In a season marred by injuries and losses—lots of them—it can sometimes be tough to see the forest through the trees. In Oakland, however, there is some reason for optimism thanks to some younger players with the potential to become real difference makers.
For all the flack that Al Davis received for messing up drafts—some of which was deserved—Davis also found some real gems throughout later rounds that have become pieces worth building around.
Unfortunately, it's safe to say none of these guys are centerpieces. However, if Oakland can land an elite player somewhere in the draft or through free agency, they might have the supporting cast necessary to contend in the near future.
A fifth round pick in 2011, few people expected Denarius Moore to become a go-to receiver in the NFL, let alone immediately.
As a rookie, Moore showed flashes of brilliance despite playing in just thirteen games—notching 618 yards with five touchdowns. Even more impressive, however, was Moore's ability to make tough catches in traffic, a skill that few Raider receivers have had in recent years.
For his sophomore campaign, Moore has continued to impress.
In eight games thus far, Moore is averaging 72 yards per game with five more touchdowns despite becoming a known commodity.
Of all the positions on the roster, wide receiver seems to be Oakland's most reliable and promising—with guys like Moore, Darrius Heyward-Bey (more on him in a bit), and rookies Juron Criner and Rod Streater.
Long considered a major bust, Heyward-Bey has taken his time but ultimately emerged as a solid receiving option for Oakland.
In fact, a look back at the 2009 draft could ultimately justify the decision to select DHB over the likes of Jeremy Maclin and Michael Crabtree.
Obviously the biggest downside with DHB was his slow adaptation to the NFL game. However, in 2011 he had a massive coming out party, falling just 25 yards short of 1,000—good for the 20th best total in the league.
In 2012, DHB got off to a slow start with less than 100 yards in his first four games combined, but in recent weeks his production has improved, totaling 273 yards and two touchdowns.
For DHB, the question of raw skill and ability has always been there. It has just been a matter of whether he could maximize those talents and convert them into production. If he continues his improvement over the next few years, he could emerge as a very reliable and explosive wideout.
On a defense that has been largely disappointing this season (okay extremely disappointing), Burris has been a massive bright spot thus far.
The rookie from San Diego State was a fourth round pick this year, and with Aaron Curry, Rolando McClain and Phillip Wheeler in the rotation, many assumed this would be a learning year for Burris. After an injury to Curry, however, Burris was thrust into the starting lineup.
And then, he thrived.
In fact, Burris supplanted McClain and the linebacking corps didn't even miss a beat. In his last four games, Burris is averaging more than six tackles a game as he continues to see his role grow.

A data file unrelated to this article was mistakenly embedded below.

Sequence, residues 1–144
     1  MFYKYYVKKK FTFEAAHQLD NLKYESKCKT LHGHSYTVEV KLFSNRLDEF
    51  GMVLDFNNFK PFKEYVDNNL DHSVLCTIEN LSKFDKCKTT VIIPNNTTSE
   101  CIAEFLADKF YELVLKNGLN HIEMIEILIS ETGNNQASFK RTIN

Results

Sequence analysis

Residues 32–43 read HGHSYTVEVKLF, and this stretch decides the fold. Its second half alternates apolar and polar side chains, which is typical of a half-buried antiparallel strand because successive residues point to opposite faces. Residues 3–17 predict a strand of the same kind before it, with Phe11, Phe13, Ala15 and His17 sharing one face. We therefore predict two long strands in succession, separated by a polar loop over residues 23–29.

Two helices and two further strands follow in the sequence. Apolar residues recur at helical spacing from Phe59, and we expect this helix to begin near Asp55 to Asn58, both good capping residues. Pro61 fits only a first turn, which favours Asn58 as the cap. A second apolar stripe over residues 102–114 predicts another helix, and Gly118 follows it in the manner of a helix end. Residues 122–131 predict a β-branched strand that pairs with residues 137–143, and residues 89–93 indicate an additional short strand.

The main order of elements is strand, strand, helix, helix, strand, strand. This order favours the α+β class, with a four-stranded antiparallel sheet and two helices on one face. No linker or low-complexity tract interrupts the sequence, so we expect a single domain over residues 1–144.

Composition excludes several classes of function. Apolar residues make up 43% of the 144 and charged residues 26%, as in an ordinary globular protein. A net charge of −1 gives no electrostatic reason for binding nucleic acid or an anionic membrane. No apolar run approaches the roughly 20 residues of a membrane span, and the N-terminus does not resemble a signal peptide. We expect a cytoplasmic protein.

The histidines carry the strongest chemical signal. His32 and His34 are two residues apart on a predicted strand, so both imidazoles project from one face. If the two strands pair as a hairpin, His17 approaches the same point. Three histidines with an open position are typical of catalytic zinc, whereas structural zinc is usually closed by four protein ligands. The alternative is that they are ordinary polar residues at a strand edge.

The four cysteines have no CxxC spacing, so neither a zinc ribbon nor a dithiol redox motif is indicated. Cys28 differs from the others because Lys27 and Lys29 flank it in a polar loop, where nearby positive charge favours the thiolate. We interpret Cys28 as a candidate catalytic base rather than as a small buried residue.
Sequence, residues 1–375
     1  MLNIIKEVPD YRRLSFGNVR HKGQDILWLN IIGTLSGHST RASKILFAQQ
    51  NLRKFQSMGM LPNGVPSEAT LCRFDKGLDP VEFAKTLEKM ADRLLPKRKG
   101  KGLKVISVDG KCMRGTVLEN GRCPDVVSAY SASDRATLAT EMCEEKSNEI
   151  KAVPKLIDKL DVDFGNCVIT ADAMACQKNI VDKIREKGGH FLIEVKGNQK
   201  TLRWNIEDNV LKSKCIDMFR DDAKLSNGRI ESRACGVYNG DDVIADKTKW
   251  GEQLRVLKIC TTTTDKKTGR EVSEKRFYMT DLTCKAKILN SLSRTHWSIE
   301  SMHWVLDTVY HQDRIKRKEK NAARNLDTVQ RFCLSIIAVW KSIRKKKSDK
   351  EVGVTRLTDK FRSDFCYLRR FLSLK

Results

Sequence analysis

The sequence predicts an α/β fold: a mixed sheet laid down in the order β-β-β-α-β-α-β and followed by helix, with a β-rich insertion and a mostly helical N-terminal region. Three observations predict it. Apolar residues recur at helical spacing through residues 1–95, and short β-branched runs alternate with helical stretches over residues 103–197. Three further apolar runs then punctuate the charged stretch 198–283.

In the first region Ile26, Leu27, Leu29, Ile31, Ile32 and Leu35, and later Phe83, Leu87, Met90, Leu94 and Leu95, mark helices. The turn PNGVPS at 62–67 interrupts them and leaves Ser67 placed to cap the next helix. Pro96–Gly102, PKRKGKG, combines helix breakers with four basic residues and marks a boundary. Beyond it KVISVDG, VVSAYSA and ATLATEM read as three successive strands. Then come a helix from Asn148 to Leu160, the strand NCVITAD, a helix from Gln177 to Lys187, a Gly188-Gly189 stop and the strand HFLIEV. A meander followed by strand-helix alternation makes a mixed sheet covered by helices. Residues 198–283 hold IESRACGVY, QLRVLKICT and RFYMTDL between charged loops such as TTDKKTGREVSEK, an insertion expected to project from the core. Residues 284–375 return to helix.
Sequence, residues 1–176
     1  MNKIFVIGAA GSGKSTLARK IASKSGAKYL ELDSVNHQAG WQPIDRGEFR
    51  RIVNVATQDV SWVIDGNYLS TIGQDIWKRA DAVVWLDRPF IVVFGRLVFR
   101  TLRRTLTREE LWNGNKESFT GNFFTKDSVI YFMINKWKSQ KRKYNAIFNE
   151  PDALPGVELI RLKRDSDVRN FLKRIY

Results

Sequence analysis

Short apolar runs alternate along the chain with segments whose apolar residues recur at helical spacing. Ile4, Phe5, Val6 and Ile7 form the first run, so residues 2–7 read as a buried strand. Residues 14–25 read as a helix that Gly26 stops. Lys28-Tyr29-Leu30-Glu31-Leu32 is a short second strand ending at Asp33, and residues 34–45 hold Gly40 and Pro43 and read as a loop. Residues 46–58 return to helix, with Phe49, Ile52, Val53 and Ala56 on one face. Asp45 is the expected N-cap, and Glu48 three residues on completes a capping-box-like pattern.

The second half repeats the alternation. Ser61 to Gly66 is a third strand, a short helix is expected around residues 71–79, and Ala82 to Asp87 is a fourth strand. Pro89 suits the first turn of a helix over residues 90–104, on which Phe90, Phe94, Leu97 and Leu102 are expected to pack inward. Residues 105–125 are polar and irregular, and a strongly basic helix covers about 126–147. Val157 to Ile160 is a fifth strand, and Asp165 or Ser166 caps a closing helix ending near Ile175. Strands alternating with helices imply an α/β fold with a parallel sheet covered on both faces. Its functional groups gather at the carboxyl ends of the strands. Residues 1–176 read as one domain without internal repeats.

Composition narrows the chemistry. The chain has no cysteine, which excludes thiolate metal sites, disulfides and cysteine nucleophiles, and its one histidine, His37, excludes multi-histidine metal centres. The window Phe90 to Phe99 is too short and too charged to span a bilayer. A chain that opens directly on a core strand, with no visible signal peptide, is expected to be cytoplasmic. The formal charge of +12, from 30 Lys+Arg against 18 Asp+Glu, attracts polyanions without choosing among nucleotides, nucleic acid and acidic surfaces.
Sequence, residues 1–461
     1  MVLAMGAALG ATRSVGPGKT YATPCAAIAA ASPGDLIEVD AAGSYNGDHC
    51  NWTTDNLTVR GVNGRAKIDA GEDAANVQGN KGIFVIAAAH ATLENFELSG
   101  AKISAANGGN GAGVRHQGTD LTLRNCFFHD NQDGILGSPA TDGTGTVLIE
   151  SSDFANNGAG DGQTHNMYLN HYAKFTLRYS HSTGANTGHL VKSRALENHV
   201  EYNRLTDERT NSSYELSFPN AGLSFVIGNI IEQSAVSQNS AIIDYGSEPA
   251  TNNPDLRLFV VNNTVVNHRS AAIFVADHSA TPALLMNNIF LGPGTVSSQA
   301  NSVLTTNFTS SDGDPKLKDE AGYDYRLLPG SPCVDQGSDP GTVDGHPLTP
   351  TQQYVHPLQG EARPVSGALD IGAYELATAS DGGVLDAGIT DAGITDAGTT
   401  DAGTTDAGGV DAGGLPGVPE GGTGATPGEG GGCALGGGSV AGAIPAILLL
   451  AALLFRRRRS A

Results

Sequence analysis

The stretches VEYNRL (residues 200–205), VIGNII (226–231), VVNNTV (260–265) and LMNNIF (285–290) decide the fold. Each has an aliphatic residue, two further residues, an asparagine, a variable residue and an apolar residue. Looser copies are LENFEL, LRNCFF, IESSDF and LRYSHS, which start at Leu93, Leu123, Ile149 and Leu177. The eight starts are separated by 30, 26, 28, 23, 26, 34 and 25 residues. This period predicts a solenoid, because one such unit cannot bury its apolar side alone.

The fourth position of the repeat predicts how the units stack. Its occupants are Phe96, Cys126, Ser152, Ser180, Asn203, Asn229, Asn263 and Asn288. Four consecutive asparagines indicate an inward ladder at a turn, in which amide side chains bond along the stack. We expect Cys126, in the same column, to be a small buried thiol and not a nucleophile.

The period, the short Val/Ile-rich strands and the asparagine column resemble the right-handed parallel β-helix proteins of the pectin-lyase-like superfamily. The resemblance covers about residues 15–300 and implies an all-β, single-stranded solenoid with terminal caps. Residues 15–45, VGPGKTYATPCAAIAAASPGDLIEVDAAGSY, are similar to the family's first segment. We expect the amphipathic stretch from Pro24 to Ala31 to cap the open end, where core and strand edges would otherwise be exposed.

While the Oakland defense is mostly filled with aging veterans and guys who don't belong on an NFL roster, Burris is one Raider I could see sticking around for a while.
Hillsdale College isn't a name you hear too often in NFL starting lineups, but for the Oakland offensive line, it might be the most important school of all.
Hailing from the small college in Michigan, Jared Veldheer was Oakland's third-round pick in 2010 and in the past three years, he has evolved into the anchor of the offensive line.
Standing at 6'8", 321 pounds, Veldheer has more physical tools than almost any lineman in the league, but effective blocking typically comes down to footwork and fundamentals. Fortunately, Veldheer has shown great strides in those two areas as well.
Heading into Oakland's game against Atlanta in week five of this season, the Oakland left tackle had yet to allow a single sack.
Like most teams who struggle in the NFL, offensive line play has long been a weakness of the dreadful Oakland teams of the past decade. With guys like Jared Veldheer, however, the tides just might be turning.
I don't think there are many teams in the league who would expect to see their general manager on a list of people with bright futures—especially teams with just three wins on the season.
In Oakland, however, I think hope abounds because of McKenzie.
Through the draft, McKenzie added Miles Burris and Juron Criner, two players who have already contributed to the Oakland roster this season. He also added rookie free agent Rod Streater immediately after the draft, who has been one of the league's most pleasant surprises.
Through free agency, despite minimal cap room, McKenzie targeted Phillip Wheeler, the linebacker from Indianapolis who has become Oakland's best defensive player this season.
With more draft picks coming in the near future and hopefully a little bit more financial flexibility, I expect Oakland will be on the right track quickly towards reclaiming the mantra of a commitment to excellence.